April 5, 2017 by dracs
While Japan doesn’t seem as keen on tabletop gaming as many western countries, there is one form of the hobby that thrives, and it’s a form that will be immediately recognisable to anyone who grew up in the nineties.
Collectible Trading Card Games.
Gotta Collect ‘Em All!
While Magic The Gathering may be the grand daddy of all Trading Card Games (or TCG), Japan has certainly carved out its own niche in the market.
Games such as Yu-Gi-Oh, Duel Masters and, of course, Pokémon, made their way over to the west in the late nineties / early two thousands, where they enjoyed a high level of popularity which continues to this day.
For many of us growing up during the time when these first appeared, Japanese TCGs were our introduction to the game type. I myself still have a large shoe box full of old Pokémon cards in a cupboard somewhere.
In Japan TCGs enjoy, if not a greater level of popularity, than a far more overt one, especially as many of the more popular games have accompanying anime and manga series.
If you look around in any of the major cities, you are sure to spot signs of TCGs being played, ranging from school boys showing off their latest Duel Masters cards to full sized billboards placed beside JR tracks advertising the next Magic the Gathering set.
The most interesting for any fan of card games has to be the plethora of shops entirely devoted to these games in all their many varieties.
Every TCG Under The Sun
I have received a few messages about Japan’s card game stores and it’s easy to see why. As far as the UK goes, we don’t really have an equivalent. TCGs are usually stocked by stores catering to tabletop gaming as a whole, rather than focusing on the specific medium.
Japanese card game stores, on the other hand, more often than not stock little besides card game related products.
More than that, while most western stores would restrict themselves to selling the boosters and sets for a game, Japanese stores present customers with the opportunity to browse and purchase individual cards.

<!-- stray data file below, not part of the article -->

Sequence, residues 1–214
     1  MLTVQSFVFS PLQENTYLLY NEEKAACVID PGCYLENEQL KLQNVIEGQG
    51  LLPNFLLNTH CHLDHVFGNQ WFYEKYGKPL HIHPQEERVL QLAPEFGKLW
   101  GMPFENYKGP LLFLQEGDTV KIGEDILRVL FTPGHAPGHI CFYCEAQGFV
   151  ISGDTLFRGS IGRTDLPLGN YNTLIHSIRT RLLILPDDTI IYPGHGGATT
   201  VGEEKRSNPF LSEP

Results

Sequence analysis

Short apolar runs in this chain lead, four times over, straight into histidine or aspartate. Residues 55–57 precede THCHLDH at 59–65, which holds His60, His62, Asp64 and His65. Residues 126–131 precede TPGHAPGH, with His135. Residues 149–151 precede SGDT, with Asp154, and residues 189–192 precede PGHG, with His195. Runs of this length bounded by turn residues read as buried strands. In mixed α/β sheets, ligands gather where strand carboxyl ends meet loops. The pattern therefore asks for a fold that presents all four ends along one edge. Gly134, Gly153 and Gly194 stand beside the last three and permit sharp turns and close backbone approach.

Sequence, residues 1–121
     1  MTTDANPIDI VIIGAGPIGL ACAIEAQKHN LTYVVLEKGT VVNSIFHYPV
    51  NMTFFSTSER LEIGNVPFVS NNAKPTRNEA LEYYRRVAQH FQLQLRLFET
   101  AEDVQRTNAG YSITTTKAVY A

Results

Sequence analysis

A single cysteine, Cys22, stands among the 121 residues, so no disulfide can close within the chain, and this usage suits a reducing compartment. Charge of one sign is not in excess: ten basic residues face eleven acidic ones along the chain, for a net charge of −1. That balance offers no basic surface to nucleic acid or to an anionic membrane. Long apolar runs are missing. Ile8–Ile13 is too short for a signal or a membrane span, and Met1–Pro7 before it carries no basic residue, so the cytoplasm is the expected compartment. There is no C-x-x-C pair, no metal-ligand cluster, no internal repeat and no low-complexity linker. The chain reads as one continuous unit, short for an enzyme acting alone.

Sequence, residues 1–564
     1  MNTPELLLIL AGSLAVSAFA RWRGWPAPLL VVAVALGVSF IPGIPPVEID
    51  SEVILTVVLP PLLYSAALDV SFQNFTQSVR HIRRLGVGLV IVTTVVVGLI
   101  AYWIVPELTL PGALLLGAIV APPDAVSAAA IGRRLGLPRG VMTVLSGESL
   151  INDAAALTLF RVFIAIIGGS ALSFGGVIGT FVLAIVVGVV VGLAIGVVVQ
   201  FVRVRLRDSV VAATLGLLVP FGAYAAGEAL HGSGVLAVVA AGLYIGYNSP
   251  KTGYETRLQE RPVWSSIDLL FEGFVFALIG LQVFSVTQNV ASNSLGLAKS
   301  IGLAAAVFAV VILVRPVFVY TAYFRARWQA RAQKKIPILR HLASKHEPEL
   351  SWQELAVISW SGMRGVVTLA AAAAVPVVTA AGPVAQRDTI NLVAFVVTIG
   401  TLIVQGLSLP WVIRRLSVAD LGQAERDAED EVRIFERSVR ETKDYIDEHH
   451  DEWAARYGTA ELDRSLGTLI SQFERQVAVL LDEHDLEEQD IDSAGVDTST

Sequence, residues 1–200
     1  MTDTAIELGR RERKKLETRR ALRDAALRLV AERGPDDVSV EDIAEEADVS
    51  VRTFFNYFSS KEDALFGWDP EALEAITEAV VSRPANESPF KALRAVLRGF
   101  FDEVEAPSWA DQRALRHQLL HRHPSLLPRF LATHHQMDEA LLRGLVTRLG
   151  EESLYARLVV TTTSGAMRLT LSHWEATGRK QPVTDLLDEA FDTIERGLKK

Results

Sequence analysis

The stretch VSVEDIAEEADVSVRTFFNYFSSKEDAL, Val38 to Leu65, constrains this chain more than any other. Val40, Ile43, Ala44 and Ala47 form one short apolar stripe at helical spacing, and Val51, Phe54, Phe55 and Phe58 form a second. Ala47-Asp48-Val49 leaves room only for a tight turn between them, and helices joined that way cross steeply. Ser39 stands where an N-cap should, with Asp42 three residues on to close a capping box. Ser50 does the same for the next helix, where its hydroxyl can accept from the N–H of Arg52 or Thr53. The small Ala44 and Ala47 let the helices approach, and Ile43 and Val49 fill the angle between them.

This is a real boon for collectors as it means they have more of a chance to tailor their deck, picking and choosing the cards they need with ease.
Many stores also feature dedicated spaces to allow players to meet, trade cards and play games. Friday Night Magic, for example, is pretty common, with most stores running events to coincide with new releases.
Some stores focus even go so far as to stock the singles for the arcade card games.
A Tourist’s Guide To Card Gaming
If you are a player or collector of TCGs, then you may well want to check out a few when you visit Japan. The stores often stock games that are difficult to find in the west, many of which are tie ins with popular franchises.
These can make nice souvenirs, though unless your Japanese is good you probably won’t find a use for them.
Many stores do stock a selection of English Magic the Gathering cards, including some from older and harder to find sets.
These are often hidden among the other cards on display, but as they are in English they are usually a little cheaper, so it can be worth checking if you are looking for any card in particular.
Getting to take part in games is a little trickier, due to the great and terrible language barrier!
While most Japanese people know at least some English, many might struggle with conversational English and the technical terms needed to explain card mechanics.
I myself have been unable to participate in any card games at these stores and, given my track record for language gaffs, it’s probably for the best. Who knows what I might come out with!
One way around this though, at least when attending Magic the Gathering events, is to bring one of the card catalog booklets that come in the fat pack of every set.
Mobile phones are often banned while in a tournament or other such contest, but organisers will allow these books. This way, if you’re playing a draft format game, you can use the Japanese cards and look up their meaning in the booklet.
The Japanese approach of having dedicated card game stores is not one I foresee catching on in the west. The lack of a large mainstream following, coupled with the rise of internet shopping, makes it difficult for such a business model to be successful.
Still, if you are interested in tabletop gaming, they are definitely worth checking out, especially if you are on the hunt for relatively cheap English cards.
You can usually find them gathered around those city areas that cater to otaku (geekery) and other such esoteric stuff, places like Akihabara in Tokyo or around Osu Kannon here in Nagoya.
Just keep an eye out for this katakana:
Have you ever been to a Japanese card game store? How do you think games like Yu-Gi-Oh or Duel Masters compare to ones like Magic the Gathering?
The next Tabletop Otaku will most likely be my last one written while here in Japan as I will soon be moving back to the UK. Therefore I plan to give this city a proper send off and write up the Gaming City Guide to Nagoya.
Please let me know if there are any bits and pieces you would be particularly interested in finding out about this often overlooked city.
"For many of us growing up... Japanese TCGs were our introduction to the game type."
"Getting to take part in games is a little trickier, due to the great and terrible language barrier!"